Pamela Pretswell courts big-time action

Open season: Pamela Pretswell has a big summer ahead with the British and Scottish Opens. Picture:  David Cannon/Getty

Open season: Pamela Pretswell has a big summer ahead with the British and Scottish Opens. Picture: David Cannon/Getty

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AS a tennis-mad youngster – she was part of the same squad as Andy Murray – Pamela Pretswell used to dream of being good enough to rub shoulders with sporting superstars at Wimbledon.

She actually did that, albeit in a demonstration match with the British No.1 in SW19, but the 26-year-old has no regrets about giving up tennis for golf, especially with an equivalent to Wimbledon in the Royal & Ancient game looming on the horizon.

On the back of an eye-catching opening half of the season, Pretswell has not only secured her Ladies European Tour card for next season but also earned a berth in next month’s Ricoh Women’s British Open at Turnberry.

Sharing the same stage with the likes of Lydia Ko, Inbee Park and Michelle Wie will be proof that changing sport was a wise move, as, according to Pretswell, was her decision to complete a business and management degree at Glasgow University before turning professional three years ago.

“It was never not an option – I always wanted to do it,” she said of delaying a switch that seemed likely on the back of her being on a winning Curtis Cup team with the likes of Charley Hull and Amy Boulden at Nairn in 2011.

“When I was playing tennis, it got to the stage around the time that I was 14 when I had to choose tennis or an education. I’m glad I did do the education. It gave me back-up and to an extent has taken the pressure off me. Four years of uni was enough, mind you.”

After taking a couple of seasons to find her feet in the professional game, Pretswell is starting to push on. Heading into this week’s Deloitte Ladies’ Open in Amsterdam, she’d chalked up four top-10s in five outings and finished 11th in the other one. In the Turkish Airlines Ladies’ Open in Belek, she was in the last group for the final round before finishing joint sixth behind England’s Melissa Reid.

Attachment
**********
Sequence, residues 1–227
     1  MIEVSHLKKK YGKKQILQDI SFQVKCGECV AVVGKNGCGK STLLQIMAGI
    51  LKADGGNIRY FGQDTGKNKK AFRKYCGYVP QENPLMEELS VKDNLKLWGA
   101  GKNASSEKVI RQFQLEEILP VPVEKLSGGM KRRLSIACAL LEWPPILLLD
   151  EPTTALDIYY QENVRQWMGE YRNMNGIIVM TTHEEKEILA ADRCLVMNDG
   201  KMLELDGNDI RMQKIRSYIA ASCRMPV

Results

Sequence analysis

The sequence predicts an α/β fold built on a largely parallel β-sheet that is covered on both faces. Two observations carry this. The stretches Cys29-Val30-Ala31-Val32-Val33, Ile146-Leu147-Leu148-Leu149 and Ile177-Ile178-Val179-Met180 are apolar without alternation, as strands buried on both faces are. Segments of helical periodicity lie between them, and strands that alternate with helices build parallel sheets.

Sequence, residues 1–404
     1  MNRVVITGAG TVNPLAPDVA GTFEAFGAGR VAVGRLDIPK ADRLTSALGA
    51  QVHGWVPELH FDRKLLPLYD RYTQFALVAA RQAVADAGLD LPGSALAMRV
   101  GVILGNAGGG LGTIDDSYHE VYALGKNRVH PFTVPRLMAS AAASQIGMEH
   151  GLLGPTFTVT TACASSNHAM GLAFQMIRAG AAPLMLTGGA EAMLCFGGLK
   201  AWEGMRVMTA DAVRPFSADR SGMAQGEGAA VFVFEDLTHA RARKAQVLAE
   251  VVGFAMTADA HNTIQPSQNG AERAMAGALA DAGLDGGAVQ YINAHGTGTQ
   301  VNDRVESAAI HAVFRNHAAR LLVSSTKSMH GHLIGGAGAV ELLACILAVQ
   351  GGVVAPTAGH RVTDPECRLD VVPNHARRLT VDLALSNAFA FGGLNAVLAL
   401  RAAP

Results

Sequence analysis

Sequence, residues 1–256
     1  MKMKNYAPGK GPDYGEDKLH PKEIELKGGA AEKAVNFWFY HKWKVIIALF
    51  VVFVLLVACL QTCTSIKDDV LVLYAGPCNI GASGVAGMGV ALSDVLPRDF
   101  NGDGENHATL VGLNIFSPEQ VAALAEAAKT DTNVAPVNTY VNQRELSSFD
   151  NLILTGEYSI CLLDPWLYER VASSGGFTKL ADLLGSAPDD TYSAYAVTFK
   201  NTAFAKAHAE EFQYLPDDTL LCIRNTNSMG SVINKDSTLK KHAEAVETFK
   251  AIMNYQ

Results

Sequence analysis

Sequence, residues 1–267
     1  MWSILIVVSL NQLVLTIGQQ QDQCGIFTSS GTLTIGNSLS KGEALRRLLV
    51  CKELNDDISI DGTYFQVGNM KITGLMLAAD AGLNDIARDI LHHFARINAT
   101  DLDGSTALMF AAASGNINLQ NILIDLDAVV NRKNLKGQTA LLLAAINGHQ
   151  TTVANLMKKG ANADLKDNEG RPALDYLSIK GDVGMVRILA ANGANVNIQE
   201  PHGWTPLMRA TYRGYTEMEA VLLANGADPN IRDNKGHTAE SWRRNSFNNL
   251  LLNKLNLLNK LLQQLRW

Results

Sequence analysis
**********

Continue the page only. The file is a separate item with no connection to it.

“It was good fun having the cameras there and the different kind of atmosphere that comes from being in among the leaders,” she reflected. “It’s about learning how to cope with it all. This is my third year on Tour. First year I was 60th on the money list. Last year I was 36th and I’m currently seventh. It’s been good steady progress.

“I was always looking to make progress each year. I’m usually quite a slow starter, but to have my card already safe for this year is a major step. I’m also in the Women’s British Open because of that. The first half has been great. It’s taken a lot of the pressure off going into the rest of the season.”

As well as a trip to Turnberry, it includes a date at Dundonald Links for the Aberdeen Asset Management Ladies Scottish Open, an event that will also feature Ko, as well as Norway’s Suzann Pettersen and Cheyenne Woods, Tiger’s niece.

“I’ve only played it once, in a recent media day,” said Pretswell of the new venue for the national Open. “It’s a great course, but I think I’ll need to play it a few more times to get to know it. The greens are very tricky, very linksy and slopey. They show up the weaknesses in your short game, so I have a few ideas on what I need to work on ahead of the event.

“It’s an event I’d love to win, obviously, so there will be a few visits back down there in the build-up to give myself the best chance of doing that. I think the people at Dundonald will know me pretty well by the time the event comes round.”

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